What happens during the 33rd week of pregnancy?
- It’s thirsty work: Not just for you, but also for your baby, who drinks down a pint of amniotic fluid each day.
- Putting defenses up: Your little one is absorbing antibodies from your body as the immune system develops, helping to fend off germs after birth.
- Spidey senses: Right now, billions of newly grown neurons are helping your baby to develop all five senses: sight, sound, smell, taste, and touch.
What does a baby look like at 33 weeks?
Your baby is now about 19 inches in length, 4.5 lbs, and about the size of a head of celery. They’re building fat, and that sweet face is looking smooth and less translucent. They won’t grow much more in length before birth but will steadily gain about half a pound each week.
Baby movements at 33 weeks
Your baby is getting pretty snug in the womb. They’re starting to become a bit too cozy in there to be doing a lot of position changes. But your cutie will still be kicking, sometimes pretty strong! A future soccer or karate star?
33 weeks: baby position
Between weeks 33 and 36, your baby should be making their way to the ideal birth position: head down resting by the cervix, with their face looking toward your back. You may be able to feel their head low in your belly and their kicks up by your rib cage. Unsure how your baby is positioned? Don’t worry, your doctor will be monitoring their position up until birth and has options for repositioning your baby if necessary.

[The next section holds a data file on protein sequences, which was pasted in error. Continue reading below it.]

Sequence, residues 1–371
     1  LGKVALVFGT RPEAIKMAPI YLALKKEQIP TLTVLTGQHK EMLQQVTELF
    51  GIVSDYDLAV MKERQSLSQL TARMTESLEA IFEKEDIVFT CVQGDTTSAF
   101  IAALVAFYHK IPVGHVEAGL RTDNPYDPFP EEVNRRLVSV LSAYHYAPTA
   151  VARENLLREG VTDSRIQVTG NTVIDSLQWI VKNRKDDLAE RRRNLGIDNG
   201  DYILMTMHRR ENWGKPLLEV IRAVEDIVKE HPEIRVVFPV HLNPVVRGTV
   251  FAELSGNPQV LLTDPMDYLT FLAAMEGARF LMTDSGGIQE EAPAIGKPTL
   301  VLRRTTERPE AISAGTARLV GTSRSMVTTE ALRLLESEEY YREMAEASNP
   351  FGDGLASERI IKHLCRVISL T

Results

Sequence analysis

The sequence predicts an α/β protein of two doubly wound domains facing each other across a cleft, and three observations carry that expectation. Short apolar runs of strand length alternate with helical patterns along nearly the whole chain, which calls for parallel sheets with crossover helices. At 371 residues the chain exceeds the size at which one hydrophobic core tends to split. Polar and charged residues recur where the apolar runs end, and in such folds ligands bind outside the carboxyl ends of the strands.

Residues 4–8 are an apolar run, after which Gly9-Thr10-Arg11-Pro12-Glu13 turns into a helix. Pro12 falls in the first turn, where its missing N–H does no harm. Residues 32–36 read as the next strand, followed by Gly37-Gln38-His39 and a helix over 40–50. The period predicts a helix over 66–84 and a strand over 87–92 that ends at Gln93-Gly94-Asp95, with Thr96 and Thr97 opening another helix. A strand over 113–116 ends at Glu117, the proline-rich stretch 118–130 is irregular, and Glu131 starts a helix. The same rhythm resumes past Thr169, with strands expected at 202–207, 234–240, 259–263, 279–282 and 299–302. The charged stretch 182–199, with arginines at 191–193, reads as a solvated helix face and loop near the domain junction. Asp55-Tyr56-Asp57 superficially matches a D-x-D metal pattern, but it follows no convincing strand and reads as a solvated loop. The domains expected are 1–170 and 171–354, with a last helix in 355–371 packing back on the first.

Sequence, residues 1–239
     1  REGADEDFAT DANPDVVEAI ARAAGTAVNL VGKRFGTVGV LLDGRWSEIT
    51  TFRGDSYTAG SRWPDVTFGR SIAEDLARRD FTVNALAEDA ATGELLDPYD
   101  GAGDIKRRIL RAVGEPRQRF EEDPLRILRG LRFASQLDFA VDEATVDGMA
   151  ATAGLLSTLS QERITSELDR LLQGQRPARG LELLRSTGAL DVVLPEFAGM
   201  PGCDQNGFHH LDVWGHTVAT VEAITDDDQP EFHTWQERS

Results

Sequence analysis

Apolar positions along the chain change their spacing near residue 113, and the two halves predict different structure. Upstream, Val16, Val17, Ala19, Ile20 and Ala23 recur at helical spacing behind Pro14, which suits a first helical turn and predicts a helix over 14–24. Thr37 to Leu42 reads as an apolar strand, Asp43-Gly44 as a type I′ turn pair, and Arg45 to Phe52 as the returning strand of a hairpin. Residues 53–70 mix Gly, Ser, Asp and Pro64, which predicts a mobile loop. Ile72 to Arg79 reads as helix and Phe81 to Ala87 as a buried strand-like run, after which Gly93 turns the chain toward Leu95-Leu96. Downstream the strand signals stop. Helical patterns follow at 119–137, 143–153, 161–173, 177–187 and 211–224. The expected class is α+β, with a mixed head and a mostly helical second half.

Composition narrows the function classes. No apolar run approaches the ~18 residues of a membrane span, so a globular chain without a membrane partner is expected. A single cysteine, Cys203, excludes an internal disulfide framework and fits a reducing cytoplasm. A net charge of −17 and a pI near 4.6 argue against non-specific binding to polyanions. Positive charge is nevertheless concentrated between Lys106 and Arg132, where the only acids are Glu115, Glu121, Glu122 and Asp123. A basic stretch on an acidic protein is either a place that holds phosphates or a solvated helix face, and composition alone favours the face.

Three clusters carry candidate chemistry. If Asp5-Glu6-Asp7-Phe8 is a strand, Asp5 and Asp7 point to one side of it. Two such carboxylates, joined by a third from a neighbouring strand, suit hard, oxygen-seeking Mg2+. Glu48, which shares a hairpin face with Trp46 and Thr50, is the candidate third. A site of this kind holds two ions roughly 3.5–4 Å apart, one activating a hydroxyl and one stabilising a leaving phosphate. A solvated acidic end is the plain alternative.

Contractions at 33 weeks
Braxton Hicks contractions will continue throughout the remainder of your pregnancy. Often called “false labor,” these irregular contractions can last from 15 seconds to two minutes.
Concerned that your contractions could be signs of labor at 33 weeks? Real labor contractions are strong, come every 10 minutes or more, and intensify over time. You may also feel pelvic pressure, experience vaginal bleeding or spotting, and leak fluid from the vagina (which could indicate that your water broke). Labor prior to 37 weeks is considered premature labor. If you have these signs, try to stay calm and contact your doctor.